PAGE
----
Mr Singleton said he was not on any medication, and had consumed only three beers prior to the race - but "as much as I could afterwards", he added, jokingly.
In an increasingly heated hearing, the two former friends traded barbs, with the renowned horse trainer blaming More Joyous' owner for unsettling the jockey, Nash Rawiller, prior to the All Age Stakes.
Mrs Waterhouse said Mr Rawiller could not have helped being put off from a good race, as a result of the argument she and Mr Singleton had had in the mounting yard just prior to the race.
"The jockey can't think straight ... Nash isn't in a composed a situation as he normally would be joking onto the horse (with you there)," Mrs Waterhouse shot at Singleton.
"I am suggesting that (he didn't ride the horse well)."
But Mr Singleton rejected her claims firmly.
"Nash rode the horse perfectly," he said.
Drug treatments weren't documented
Earlier, it was revealed Gai Waterhouse failed to properly document two drug treatments of More Joyous in the lead-up to the race.
But the prominent trainer vehemently denied saying anything to her husband or son about the horse’s condition.
‘‘I’ll happily swear on a Bible. The first time I made contact with my son was after the race when Mr Singleton screamed abuse at me,’’ Mrs Waterhouse said.
Mrs Waterhouse said Singleton had made “outlandish claims” after the race.
She said perhaps the reason Singleton's vet and racing manager had told their boss not to place a bet on the horse was that he was "such a volatile creature" that they might have been "hedging their bets" on his likely reactions.
The inquiry had heard that More Joyous was experiencing "heat in the neck" on the Wednesday before the race, and that on Thursday morning was given an anti-inflammatory injection for a suspected infection.
However, blood tests on Friday morning revealed the horse had a "slightly elevated white cell count", so in consultation with vets employed by Gai Waterhouse and Singleton, she was given a further anti-inflammatory as a precaution.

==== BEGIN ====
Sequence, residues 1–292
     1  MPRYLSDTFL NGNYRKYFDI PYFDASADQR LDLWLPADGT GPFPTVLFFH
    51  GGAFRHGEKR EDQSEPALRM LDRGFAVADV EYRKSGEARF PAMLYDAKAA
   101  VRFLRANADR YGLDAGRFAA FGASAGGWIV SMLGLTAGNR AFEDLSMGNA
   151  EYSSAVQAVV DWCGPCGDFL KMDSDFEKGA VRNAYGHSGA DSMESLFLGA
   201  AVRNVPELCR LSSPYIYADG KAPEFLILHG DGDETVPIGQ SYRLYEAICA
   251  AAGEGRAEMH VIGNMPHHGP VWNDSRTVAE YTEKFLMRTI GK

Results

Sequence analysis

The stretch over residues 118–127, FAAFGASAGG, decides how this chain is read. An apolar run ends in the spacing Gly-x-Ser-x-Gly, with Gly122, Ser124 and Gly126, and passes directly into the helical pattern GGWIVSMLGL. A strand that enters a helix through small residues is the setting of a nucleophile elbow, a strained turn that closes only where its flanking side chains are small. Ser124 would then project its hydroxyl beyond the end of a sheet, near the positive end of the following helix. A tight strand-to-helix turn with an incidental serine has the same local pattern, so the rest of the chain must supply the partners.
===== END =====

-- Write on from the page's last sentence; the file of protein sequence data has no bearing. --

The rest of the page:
But the inquiry heard that neither of these was documented in the horse’s official treatment book as required by racing regulations.
Singleton told the inquiry he had spoken to his form expert, Peter Dawkins, who said the horse was a certainty.
But when he spoke to his racing manager, Duncan Grimley, and his vet, John Peatfield, they had told him of issues with the horse in the days before the race.
He said he had plans to wager $100,000 on More Joyous winning the race but Mr Grimley and Dr Peatfield had advised him just to enjoy the day and not place a bet.
“(They said) there is no reason why she shouldn’t run, but there’s no reason to risk 100 grand,” Singleton said in summary of their conversations.
Mr Singleton said once he arrived at Randwick Racecourse about 1.20pm on the Saturday, he received calls from Mr Robinson, a former jockey, and Johns telling him his horse would be more likely to come last than win.
He told the inquiry that once on site he had a “private and heated conversation with Gai in the chairman’s lounge” but she had insisted “the horse would win”.
“All I had was hearsay from an ex-jockey and a famous footballer,” he said when chief steward Ray Murrihy pushed him on why he hadn’t gone to officials with his concerns.
Mr Murrihy told the inquiry he had accessed the telephone records of all the main parties to the inquiry. ‘‘They do provide a very interesting matrix,’’ he said, to chuckles in the room.
Earlier, Dr Peatfield told the inquiry that upon examining More Joyous on the day of the race he found it was fit to run.
Mr Murrihy asked Dr Peatfield whether he was aware of a sensitivity in More Joyous and that she was reluctant to eat off the ground. ‘‘It was worth some consideration but as a result of my examination I didn’t find a reason not to run the mare,’’ Dr Peatfield said.
The inquiry heard that he said at the time: ‘‘I can’t guarantee she’ll win, because that’s not my job, but I can’t see a reason not to run her.’’
More Joyous’ treatment records did not show she had been dosed with two different antibiotics in the two days before her race.
Mr Murrihy said the evidence suggested the mare was dosed with cartrophin on the Thursday and trimetrin the next day, but both were absent from treatment records.
"We never tried to hide anything," Gai Waterhouse said, noting that Mr Murrihy had been told the horse had been treated with antibiotics.
Mr Murrihy replied: "I’m not suggesting you did, but it’s important those records are accurate."
Gai Waterhouse said she didn’t think the issue would affect More Joyous’ racing.
Earlier, Waterhouse stable vet Leanne Begg told the inquiry More Joyous’ blood tests indicated she might have had an inflammation the day before the race.
After conducting a blood test on the Thursday night, Ms Begg received a pathology report the next day which showed slightly elevated white blood cells. But the mare’s temperature was normal, she said.
"They said she was eating well but not off the ground," Ms Begg told the inquiry. "To be honest, I wouldn’t have noticed it."
Ms Begg gave More Joyous an injection of antibiotics about lunchtime on Friday. She thought the mare would be all right to run in the All Aged Stakes "but I thought she needed to be examined on the Saturday", she said.